Better Than a Pack Mule
October 25, 1825: Erie Canal Opens
On this day in 1825 the Erie Canal opens, linking the Great Lakes and the Atlantic Ocean. The Erie is a canal in New York that originally ran about 363 miles from Albany, New York on the Hudson River, to Buffalo, New York at Lake Erie. It completed a navigable water route from New York City (and the Atlantic Ocean) to the Great Lakes.
[Top picture: Without a mule or a horse you went nowhere on the Erie Canal. Boats had to bring their own mules; they rotated them over the course of the journey]
At the time when bulk goods were limited to pack animals (a 250 pound maximum), and there were no steamships or railways, water was the most cost-effective way to ship bulk goods or significant tonnages of any kind going back to the earliest days of recorded history.
The canal contains 36 locks and encompasses a total elevation differential of approximately 565 ft. It was under construction from 1817 to 1825 and is widely regarded a chief cause that New York eclipsed Philadelphia as the largest city and port on the Eastern Seaboard of the United States.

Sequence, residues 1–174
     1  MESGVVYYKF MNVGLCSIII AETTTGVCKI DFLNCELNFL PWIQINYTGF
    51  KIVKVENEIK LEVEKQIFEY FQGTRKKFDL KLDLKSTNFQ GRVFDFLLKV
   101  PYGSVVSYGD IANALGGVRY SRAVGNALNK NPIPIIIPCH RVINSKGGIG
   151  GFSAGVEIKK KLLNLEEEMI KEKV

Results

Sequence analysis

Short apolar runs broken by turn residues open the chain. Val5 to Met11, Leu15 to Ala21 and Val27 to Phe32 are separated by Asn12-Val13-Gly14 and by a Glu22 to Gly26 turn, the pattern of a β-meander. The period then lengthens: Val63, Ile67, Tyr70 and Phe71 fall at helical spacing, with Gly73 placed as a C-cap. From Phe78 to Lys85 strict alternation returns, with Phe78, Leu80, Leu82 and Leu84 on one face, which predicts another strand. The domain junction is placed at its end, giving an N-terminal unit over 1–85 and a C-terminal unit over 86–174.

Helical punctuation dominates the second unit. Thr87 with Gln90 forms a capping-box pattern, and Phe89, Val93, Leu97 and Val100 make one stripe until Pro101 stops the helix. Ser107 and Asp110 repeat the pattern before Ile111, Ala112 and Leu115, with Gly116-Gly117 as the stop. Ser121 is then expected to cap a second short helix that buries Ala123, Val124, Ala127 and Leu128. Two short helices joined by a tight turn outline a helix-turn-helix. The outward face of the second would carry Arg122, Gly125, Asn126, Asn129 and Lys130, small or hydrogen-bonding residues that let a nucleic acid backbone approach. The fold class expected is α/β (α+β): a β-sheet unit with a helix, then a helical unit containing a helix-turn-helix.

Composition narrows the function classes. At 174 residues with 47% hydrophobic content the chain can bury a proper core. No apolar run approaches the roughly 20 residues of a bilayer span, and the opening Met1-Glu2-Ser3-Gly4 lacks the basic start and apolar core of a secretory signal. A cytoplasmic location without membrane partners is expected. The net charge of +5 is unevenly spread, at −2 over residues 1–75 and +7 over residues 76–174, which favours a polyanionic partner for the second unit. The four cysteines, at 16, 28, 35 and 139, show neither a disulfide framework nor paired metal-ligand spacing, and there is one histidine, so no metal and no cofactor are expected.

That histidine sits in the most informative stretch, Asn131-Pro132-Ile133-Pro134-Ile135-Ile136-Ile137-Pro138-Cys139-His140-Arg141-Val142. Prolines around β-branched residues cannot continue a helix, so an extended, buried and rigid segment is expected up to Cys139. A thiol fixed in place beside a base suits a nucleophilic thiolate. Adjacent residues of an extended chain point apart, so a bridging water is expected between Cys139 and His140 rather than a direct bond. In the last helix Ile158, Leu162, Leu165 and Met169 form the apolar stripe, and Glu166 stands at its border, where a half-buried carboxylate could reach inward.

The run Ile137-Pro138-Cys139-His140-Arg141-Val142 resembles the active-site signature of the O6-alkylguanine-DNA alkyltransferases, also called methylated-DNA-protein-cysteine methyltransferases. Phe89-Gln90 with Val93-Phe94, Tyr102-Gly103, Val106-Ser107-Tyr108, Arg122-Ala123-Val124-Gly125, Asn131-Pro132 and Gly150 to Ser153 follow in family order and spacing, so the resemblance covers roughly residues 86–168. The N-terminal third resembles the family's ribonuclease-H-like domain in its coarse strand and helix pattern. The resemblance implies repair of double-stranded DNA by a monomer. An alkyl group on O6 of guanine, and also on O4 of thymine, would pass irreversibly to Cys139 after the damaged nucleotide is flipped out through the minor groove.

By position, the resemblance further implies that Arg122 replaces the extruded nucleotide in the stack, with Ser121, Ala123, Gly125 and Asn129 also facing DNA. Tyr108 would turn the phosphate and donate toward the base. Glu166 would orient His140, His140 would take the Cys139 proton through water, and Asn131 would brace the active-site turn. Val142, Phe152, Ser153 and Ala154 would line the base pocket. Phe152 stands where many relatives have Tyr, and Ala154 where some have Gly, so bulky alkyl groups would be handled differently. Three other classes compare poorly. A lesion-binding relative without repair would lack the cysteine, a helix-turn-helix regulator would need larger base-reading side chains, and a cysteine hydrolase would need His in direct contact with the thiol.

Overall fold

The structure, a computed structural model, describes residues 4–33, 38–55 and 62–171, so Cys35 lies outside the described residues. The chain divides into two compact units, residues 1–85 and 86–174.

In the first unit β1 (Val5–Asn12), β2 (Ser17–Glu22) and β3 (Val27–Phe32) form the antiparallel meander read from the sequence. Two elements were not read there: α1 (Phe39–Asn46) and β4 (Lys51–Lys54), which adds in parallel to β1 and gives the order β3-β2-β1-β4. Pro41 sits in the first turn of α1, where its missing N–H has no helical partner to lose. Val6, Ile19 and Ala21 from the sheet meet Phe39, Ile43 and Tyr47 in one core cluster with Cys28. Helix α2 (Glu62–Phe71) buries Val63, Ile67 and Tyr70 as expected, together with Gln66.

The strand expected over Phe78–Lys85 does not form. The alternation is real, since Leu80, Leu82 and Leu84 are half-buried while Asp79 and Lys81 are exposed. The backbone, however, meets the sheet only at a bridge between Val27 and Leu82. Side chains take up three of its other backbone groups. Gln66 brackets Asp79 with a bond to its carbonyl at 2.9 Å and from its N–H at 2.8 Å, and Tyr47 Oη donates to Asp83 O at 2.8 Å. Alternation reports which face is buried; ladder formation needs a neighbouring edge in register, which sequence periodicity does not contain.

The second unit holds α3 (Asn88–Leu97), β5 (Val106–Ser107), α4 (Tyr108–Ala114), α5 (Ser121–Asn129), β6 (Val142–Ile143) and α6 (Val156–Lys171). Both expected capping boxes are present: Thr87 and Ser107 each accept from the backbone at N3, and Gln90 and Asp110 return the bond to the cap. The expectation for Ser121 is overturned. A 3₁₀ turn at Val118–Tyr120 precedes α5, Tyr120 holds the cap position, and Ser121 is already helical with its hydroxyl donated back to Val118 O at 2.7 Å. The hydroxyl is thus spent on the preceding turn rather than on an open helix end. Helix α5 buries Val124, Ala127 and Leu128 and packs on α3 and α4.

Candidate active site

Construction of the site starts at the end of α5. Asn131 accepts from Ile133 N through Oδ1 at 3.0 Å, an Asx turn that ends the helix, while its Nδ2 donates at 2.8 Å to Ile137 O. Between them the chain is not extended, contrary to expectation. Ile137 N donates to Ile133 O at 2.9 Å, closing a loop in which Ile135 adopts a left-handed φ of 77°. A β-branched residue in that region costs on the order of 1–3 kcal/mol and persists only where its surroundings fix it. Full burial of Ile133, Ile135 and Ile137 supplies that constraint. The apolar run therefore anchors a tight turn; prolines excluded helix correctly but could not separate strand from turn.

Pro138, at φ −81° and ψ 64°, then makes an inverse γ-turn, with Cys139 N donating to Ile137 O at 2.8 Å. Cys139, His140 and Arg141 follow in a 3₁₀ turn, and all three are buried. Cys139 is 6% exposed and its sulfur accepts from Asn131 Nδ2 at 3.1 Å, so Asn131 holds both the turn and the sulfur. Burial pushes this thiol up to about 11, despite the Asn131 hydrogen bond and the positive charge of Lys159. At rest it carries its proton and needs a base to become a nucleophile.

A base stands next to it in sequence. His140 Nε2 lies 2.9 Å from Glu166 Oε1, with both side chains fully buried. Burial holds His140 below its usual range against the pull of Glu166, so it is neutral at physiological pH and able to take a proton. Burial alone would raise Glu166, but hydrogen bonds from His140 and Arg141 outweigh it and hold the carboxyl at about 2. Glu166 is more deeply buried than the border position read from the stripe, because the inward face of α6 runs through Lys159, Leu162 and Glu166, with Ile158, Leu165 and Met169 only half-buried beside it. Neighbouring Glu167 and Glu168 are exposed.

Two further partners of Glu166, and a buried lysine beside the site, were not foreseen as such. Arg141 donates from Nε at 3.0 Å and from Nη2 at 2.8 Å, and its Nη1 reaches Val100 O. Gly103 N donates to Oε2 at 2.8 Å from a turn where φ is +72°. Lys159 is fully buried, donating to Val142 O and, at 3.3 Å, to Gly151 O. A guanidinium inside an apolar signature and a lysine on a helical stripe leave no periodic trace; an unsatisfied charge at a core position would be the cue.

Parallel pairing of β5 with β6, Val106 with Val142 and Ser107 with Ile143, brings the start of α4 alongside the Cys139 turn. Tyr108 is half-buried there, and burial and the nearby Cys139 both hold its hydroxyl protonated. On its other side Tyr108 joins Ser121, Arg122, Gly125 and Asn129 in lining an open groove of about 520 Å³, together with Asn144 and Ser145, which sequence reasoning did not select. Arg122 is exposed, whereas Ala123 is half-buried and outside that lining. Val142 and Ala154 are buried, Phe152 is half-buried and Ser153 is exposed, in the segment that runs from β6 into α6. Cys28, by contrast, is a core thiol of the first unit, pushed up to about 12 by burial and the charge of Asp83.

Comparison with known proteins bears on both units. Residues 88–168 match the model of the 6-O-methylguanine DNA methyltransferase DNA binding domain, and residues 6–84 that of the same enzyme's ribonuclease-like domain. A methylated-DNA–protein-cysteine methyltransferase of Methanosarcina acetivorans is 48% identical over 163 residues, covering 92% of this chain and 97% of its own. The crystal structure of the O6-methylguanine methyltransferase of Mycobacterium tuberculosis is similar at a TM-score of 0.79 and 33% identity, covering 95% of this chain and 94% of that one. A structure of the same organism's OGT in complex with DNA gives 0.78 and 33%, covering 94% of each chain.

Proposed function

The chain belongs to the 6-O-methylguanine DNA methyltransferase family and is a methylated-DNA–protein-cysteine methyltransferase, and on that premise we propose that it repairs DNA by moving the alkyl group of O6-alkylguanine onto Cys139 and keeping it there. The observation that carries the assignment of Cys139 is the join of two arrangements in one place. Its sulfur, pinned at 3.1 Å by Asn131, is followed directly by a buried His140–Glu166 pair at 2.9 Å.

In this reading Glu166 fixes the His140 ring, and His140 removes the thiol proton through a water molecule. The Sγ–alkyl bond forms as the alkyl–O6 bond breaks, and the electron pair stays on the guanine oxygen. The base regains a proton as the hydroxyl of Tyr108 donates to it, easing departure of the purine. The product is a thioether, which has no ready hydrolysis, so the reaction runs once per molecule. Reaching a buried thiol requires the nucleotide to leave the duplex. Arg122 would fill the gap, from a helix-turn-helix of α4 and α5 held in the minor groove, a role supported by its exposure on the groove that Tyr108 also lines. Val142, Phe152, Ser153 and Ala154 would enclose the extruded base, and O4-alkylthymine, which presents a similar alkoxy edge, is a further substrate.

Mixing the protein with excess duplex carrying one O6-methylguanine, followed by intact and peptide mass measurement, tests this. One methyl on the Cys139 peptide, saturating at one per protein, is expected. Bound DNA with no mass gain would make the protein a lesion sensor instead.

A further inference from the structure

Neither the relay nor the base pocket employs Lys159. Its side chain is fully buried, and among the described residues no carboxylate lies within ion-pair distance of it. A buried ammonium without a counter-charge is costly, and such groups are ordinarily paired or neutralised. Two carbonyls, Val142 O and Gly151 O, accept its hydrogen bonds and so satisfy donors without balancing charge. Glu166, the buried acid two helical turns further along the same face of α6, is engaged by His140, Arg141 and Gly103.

The Erie Canal is a great example of American ingenuity and boldness. The canal was the first transportation system between the eastern seaboard (New York City) and the western interior (Great Lakes) of the United States that did not require portage. It was faster than carts pulled by draft animals, and cut transport costs by about 95%.
Today the Erie Canal is the cross-state east-west route of the New York State Canal System. In 2000 the United States Congress designated the Erie Canal Way a National Heritage Corridor to recognize the national significance of the canal system as the most successful and influential human-built waterway and one of the most important works of civil engineering and construction in North America.
Currently it is mainly used by recreational watercraft.
Springsteen’s Erie Canal
The popular song “Fifteen Miles on the Erie Canal” was written in 1905 by Thomas S. Allen after Erie Canal barge traffic was converted from mule power to engine power, raising the speed of traffic above fifteen miles per day. Also known as “Low Bridge, Everybody Down,” “The Erie Canal Song,” “Fifteen Years on the Erie Canal,” “Mule Named Sal,” and “Fifteen Miles on the Erie Canal,” the song memorializes the years from 1825 to 1880 when the mule barges made boomtowns out of Utica, Rome, Syracuse, Rochester, and Buffalo, and transformed New York into the Empire State.